Milltown will gauge public opinion on allowing retail cannabis businesses on Ryders Lane through non-binding referendum


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MILLTOWN – Borough officials will gauge public opinion with a non-binding ballot question in the November election on whether or not they are in favor of allowing recreational retail cannabis businesses along the highway commercial zones of Ryders Lane.

“The goal is to ascertain sentiment so we can revisit the issue of permitting cannabis businesses in the borough at a later date after public sentiment is gauged,” Borough Attorney Peter Vignuolo said, noting he has been familiarizing himself with the 162 pages of cannabis regulation established through the New Jersey Cannabis Regulatory Commission.

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Borough officials held a pubic hearing to also gauge public opinion on Oct. 14 ahead of the non-binding referendum. Before the deadline to make a decision to allow or prohibit cannabis licenses, officials decided to prohibit both cannabis licenses – retail and medical – within the borough subject to revisiting it at a later date after the adoption of the regulatory commission.

Municipalities were required to adopt an ordinance by Aug. 21, either allowing or prohibiting any or all of the cannabis licenses, or else the state would have control of the matter.

The decision to opt in is for a term of five years; any municipality that opts out could opt in at any time.

Municipalities can get up to 2% in municipal tax for retail sales of cannabis.

The borough has discretion on how many businesses are allowed and the hours of operation.

There are no regulations of delivery of cannabis to one’s home.

The public must be 21 years old to enter a cannabis business.

The B4 and B5 highway commercial zones on Ryders Lane are currently not zoned for medical use, Vignuolo said when asked if the area would allow marijuana medical dispensaries.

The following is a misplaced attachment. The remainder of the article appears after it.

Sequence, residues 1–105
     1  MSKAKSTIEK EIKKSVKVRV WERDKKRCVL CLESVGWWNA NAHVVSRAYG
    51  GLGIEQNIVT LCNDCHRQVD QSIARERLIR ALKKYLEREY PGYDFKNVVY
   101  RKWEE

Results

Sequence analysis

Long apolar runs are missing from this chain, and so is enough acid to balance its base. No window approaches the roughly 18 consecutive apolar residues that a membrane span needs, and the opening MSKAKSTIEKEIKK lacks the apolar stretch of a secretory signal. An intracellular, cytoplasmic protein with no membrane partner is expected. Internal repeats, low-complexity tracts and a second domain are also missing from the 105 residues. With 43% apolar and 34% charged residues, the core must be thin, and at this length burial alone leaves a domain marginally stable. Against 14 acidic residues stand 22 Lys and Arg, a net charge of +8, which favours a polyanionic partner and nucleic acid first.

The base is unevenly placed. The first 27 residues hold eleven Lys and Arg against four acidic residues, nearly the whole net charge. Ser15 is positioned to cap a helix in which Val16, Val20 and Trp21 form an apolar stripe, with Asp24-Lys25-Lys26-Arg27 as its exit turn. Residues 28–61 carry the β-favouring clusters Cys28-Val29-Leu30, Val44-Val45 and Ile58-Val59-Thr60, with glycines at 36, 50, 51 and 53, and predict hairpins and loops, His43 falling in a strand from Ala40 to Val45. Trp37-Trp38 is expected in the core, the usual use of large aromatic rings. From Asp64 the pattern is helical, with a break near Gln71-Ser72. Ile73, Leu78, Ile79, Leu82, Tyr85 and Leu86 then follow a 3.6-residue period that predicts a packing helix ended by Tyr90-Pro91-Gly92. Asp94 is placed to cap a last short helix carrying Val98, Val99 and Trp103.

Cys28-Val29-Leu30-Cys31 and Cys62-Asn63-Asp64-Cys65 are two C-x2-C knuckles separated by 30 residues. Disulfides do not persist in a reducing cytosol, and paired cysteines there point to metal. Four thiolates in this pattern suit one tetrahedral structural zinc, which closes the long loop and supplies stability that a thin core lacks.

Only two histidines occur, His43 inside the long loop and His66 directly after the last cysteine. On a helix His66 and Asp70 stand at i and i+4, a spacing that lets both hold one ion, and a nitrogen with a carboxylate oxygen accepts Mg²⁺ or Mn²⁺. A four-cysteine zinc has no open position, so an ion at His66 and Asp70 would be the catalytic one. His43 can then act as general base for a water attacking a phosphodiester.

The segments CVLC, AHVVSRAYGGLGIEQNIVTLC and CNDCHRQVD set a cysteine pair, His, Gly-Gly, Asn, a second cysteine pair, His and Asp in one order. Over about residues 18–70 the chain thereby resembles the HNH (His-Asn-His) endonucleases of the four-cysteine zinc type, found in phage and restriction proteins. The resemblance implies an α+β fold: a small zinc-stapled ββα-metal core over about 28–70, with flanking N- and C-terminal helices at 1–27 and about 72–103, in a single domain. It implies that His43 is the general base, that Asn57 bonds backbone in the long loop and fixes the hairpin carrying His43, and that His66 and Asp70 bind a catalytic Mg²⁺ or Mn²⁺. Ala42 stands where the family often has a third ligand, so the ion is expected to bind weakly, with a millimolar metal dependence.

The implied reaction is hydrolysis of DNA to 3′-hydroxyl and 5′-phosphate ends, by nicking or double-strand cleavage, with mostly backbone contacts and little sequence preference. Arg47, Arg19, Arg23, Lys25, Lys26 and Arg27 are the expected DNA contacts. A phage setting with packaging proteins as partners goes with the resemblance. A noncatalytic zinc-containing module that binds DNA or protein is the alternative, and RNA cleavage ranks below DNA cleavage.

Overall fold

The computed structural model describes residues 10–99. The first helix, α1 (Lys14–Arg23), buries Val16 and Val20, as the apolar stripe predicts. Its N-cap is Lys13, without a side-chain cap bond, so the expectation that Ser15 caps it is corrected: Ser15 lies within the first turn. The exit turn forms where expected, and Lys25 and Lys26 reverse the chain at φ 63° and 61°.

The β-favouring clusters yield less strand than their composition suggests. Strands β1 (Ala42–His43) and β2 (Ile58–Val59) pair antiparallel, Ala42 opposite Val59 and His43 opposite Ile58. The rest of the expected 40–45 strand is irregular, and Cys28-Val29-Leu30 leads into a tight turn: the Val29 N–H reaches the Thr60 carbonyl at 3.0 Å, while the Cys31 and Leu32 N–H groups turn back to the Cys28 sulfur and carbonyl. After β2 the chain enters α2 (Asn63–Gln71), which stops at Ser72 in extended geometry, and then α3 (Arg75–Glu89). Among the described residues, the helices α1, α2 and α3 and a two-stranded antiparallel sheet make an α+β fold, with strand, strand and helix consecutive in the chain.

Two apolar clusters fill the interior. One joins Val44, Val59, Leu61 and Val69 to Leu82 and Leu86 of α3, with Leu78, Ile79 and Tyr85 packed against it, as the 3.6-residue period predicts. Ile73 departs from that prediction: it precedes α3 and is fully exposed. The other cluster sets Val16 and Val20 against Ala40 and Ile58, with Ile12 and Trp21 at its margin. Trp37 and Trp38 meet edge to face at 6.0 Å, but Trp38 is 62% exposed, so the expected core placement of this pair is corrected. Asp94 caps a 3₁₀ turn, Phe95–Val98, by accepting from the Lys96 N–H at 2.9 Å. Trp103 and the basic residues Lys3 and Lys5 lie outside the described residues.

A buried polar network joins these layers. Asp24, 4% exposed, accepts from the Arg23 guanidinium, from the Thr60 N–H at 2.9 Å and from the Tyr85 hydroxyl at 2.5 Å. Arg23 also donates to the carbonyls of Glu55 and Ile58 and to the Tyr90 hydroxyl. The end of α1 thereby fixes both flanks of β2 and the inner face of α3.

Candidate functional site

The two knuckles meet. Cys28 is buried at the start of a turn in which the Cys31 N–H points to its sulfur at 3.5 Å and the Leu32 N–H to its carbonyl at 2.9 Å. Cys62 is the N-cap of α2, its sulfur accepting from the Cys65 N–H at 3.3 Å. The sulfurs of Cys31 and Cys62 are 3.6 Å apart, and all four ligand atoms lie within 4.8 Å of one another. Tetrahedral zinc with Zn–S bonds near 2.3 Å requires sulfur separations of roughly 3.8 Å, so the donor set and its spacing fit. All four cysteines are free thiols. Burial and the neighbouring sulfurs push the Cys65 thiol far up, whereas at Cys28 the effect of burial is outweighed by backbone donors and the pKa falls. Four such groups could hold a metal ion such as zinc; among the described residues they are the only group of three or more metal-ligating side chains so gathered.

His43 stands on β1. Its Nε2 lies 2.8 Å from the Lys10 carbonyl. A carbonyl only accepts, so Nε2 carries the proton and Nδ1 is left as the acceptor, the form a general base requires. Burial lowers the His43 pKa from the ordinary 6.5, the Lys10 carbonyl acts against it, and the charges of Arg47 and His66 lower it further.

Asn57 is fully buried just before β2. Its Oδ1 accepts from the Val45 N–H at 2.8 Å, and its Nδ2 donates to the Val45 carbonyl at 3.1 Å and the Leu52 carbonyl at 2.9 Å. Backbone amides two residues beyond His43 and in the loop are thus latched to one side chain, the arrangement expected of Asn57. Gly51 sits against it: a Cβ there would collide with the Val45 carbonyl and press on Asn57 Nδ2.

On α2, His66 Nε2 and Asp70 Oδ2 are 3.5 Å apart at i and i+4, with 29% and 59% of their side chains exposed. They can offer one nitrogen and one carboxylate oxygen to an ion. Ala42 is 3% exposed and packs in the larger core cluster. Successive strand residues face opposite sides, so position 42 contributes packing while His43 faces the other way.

Neighboring town North Brunswick moved to permit all six licenses of recreational, adult-use cannabis in town with no current restrictions, as of August.

Milltown candidates for council voiced their opinions on the issue during a debate on Oct. 20.

Republican candidate John Collins said he was not in favor of distribution centers in the borough. He said he was concerned of the non-binding factor of the ballot question.

Democratic incumbent Randy Farkas said the ballot question may be non-binding, but it’s the direction the council will go when the results are tabulated.

“It’s important for residents to have a voice heard,” he said. “Tax revenue will be minimal at best and there will be a limited number of licenses given out throughout the state. Surrounding towns have embraced this. We are going to sit back and wait until the legislation comes through and we will be guided what residents say.”

Republican candidate Richard Revolinsky said the issue is “a double-edged sword.”

“Personally I’m against it, but in the long run it’s up to the residents,” he said. “If they want it and they feel strongly about it, it’s not going to make me move out because where am I going to go? Go to another town that has three of them? By the time it is all said and done, there is going to be pot available everywhere. I think the governing body did a good job to get public opinion on this one.”

Democratic candidate David Potter said he is in agreement with the council for putting the issue as a question and having residents voice opinions so the council can make an educated opinion.

Polls will be open from 6 a.m. to 8 p.m. on Nov. 2.

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